There’s a fair bit more to it, but it’s been the budgeting method that has allowed me to pay off my credit card, grow a healthy emergency fund and pay for a car deposit – without sacrificing any of my day-to-day treats, and all within 2020!
I’ve covered just about everything you need to know about zero-based budgeting in this post, but if you have any questions at all, feel free to contact me – I’m always happy to help!
I’ve also put together a free budget printable – head to the below to download, and print a new copy off each month.
2. Build an emergency fund
This is one of the most important moves you can make this year – or any year! An Emergency Fund is a pot of savings you have available to you for any emergency – from the washing machine breaking down, to the car failing it’s MOT, to losing your job – so that you don’t need to worry about the financial aspect, and can instead focus on more pressing matters at hand.
Opinions vary on what amount you should have in your emergency fund, but personally I like to have at least three months’ worth of expenses saved up – including rent payments, car loan payments, food shopping budget and anything else I know I need to pay for each month.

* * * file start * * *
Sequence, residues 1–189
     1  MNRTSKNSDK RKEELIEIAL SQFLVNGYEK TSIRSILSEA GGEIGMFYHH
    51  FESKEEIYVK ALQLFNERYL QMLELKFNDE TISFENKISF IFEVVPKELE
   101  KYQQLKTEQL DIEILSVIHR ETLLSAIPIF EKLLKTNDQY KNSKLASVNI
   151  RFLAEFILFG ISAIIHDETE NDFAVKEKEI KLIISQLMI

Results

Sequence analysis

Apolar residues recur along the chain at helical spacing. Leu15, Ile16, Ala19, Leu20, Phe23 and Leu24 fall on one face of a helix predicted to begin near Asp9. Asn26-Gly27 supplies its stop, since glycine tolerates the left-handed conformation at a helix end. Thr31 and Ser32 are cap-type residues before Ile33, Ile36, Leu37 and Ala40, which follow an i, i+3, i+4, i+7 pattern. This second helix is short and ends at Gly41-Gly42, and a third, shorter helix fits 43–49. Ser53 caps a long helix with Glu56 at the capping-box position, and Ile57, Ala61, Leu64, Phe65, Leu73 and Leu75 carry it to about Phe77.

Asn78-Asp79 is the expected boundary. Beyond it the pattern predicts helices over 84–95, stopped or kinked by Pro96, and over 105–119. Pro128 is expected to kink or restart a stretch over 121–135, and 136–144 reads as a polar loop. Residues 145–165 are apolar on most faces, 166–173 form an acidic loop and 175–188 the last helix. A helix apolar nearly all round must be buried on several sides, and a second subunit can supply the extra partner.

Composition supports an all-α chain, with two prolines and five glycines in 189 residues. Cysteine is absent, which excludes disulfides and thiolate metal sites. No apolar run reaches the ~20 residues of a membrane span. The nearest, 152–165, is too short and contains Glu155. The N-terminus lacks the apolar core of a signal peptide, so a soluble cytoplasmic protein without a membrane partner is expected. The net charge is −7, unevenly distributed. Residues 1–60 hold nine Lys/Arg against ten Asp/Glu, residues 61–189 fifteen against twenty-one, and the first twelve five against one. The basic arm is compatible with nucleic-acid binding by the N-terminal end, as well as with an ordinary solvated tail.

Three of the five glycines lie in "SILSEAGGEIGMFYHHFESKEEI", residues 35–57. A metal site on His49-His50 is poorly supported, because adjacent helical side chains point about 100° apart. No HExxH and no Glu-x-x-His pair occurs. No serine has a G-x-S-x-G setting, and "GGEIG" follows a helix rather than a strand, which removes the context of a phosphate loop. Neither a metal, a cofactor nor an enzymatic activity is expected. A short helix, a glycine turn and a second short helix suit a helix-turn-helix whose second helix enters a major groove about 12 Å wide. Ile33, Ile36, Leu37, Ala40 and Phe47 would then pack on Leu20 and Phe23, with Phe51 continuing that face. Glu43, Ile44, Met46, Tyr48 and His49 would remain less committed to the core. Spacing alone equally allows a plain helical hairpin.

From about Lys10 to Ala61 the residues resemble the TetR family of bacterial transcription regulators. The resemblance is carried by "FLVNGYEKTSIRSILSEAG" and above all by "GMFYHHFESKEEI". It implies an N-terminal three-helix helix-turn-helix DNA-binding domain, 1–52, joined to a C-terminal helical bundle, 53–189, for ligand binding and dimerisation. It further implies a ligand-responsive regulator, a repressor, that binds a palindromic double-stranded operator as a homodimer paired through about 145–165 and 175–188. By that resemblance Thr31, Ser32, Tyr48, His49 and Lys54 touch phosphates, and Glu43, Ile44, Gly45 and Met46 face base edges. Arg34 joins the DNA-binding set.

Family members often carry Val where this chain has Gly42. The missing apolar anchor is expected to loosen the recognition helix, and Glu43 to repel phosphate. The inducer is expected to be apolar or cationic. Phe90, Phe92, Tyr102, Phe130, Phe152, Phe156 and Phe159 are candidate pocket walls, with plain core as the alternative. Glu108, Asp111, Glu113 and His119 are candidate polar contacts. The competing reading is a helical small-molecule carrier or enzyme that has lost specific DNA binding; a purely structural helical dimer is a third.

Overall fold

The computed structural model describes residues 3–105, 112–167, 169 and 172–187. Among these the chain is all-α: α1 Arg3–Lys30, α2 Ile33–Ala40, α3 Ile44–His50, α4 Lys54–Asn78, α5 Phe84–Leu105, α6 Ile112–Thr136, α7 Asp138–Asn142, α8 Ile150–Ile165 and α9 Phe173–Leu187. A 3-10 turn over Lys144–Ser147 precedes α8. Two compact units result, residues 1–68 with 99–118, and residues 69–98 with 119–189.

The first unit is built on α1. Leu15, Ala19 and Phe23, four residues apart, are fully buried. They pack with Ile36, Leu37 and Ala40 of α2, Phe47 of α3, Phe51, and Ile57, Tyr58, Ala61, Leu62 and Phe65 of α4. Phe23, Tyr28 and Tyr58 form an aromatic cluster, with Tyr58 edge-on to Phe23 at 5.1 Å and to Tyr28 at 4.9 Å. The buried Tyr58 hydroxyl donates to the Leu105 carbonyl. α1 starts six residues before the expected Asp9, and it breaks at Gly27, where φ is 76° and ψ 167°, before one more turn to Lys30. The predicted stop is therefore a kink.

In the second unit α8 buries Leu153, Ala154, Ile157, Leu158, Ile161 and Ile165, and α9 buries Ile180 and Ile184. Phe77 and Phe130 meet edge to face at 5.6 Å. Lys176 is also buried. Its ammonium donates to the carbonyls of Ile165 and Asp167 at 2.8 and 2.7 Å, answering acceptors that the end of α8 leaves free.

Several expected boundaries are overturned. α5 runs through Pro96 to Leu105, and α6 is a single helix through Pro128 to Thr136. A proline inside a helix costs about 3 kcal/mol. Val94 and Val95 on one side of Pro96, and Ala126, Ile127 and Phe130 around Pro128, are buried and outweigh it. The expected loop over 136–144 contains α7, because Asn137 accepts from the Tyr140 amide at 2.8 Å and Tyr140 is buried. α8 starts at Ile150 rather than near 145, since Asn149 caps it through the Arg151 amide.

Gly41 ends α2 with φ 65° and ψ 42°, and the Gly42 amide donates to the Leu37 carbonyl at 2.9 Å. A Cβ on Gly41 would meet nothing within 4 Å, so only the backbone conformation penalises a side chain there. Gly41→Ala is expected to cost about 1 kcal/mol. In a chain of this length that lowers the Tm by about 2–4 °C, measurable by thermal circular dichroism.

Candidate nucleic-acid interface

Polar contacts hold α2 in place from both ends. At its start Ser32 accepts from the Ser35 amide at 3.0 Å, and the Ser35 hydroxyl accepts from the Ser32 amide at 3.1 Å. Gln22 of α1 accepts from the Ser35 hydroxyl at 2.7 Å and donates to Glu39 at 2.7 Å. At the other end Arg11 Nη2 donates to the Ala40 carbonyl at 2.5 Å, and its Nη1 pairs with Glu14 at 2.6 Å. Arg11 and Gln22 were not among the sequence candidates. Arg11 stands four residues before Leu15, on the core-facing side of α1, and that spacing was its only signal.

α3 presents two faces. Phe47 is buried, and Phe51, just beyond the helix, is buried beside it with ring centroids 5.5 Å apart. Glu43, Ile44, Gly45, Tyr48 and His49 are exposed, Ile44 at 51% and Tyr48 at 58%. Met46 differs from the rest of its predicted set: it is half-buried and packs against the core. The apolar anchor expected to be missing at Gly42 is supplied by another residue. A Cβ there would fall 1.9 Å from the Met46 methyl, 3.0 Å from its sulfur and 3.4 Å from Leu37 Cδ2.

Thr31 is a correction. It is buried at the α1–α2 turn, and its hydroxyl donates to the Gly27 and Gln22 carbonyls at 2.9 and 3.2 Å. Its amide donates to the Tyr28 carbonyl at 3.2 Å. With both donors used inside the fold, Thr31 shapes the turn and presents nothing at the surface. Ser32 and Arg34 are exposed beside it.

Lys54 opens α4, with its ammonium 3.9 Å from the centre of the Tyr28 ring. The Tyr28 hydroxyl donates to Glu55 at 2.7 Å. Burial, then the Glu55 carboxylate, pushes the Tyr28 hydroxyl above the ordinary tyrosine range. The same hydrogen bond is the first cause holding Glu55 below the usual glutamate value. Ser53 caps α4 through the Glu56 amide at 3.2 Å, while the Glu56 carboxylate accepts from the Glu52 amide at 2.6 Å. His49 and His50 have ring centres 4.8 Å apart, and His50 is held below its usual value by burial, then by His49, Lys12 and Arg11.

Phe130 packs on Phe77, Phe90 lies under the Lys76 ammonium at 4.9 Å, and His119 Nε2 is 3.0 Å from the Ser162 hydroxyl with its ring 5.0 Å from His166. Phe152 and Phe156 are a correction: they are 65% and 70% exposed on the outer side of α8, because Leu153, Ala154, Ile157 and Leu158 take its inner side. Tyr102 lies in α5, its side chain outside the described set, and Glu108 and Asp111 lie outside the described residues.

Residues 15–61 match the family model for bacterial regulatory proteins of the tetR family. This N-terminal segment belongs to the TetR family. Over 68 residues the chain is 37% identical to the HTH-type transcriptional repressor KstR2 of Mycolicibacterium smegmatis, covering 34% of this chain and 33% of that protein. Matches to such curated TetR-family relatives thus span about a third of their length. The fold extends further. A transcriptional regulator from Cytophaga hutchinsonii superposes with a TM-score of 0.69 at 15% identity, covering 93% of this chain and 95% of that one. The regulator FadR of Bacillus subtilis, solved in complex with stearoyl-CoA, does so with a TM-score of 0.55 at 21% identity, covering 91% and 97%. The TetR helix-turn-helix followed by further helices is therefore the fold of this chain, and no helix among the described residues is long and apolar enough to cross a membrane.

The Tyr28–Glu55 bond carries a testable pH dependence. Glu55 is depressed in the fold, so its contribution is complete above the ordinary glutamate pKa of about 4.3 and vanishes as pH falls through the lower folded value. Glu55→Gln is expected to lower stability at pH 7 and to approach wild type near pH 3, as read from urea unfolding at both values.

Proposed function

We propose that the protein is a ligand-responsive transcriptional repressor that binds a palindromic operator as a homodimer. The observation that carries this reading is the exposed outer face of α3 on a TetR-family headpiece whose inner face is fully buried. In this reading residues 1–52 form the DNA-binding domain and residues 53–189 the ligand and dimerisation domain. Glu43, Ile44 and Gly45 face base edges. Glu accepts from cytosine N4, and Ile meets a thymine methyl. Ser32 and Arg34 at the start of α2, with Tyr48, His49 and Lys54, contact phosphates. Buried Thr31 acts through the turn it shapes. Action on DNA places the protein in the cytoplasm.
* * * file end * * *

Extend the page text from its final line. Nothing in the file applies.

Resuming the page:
By having an emergency fund in place, you’re protecting yourself in the event of a crisis, but also giving yourself the power of choice. If you’re in a working or living situation that isn’t right for you, by having a savings pot to fall back on, it can make the choice of removing yourself from that situation just that little bit easier.
Start by setting yourself the challenge of reaching £1000 this year, and watch how you become addicted to seeing the total grow. You’ll be at three months’ worth of expenses in no time!
3. Pay off credit card debt
Aswell as building an emergency fund, 2021 is the perfect time to work on paying off any credit card debt you may have hanging over you.
First of all, if you’re paying interest on your credit card, move the amount over to a 0% balance transfer account (Money Saving Expert is a great place to search for the best options available at any given time). Whilst you will need to pay a small fee to do so, by moving over to a 0% account, any payments you make will go towards the debt you owe – not towards any interest you may have accrued.
Through budgeting and side hustling, you can also work out exactly how long it will take you to pay off, and if you set yourself the challenge of paying it off in 2021, twelve months is a long time to make a real impact.
4. Diversify your income streams
If 2020 taught us anything, it’s that we can’t rely on one income stream.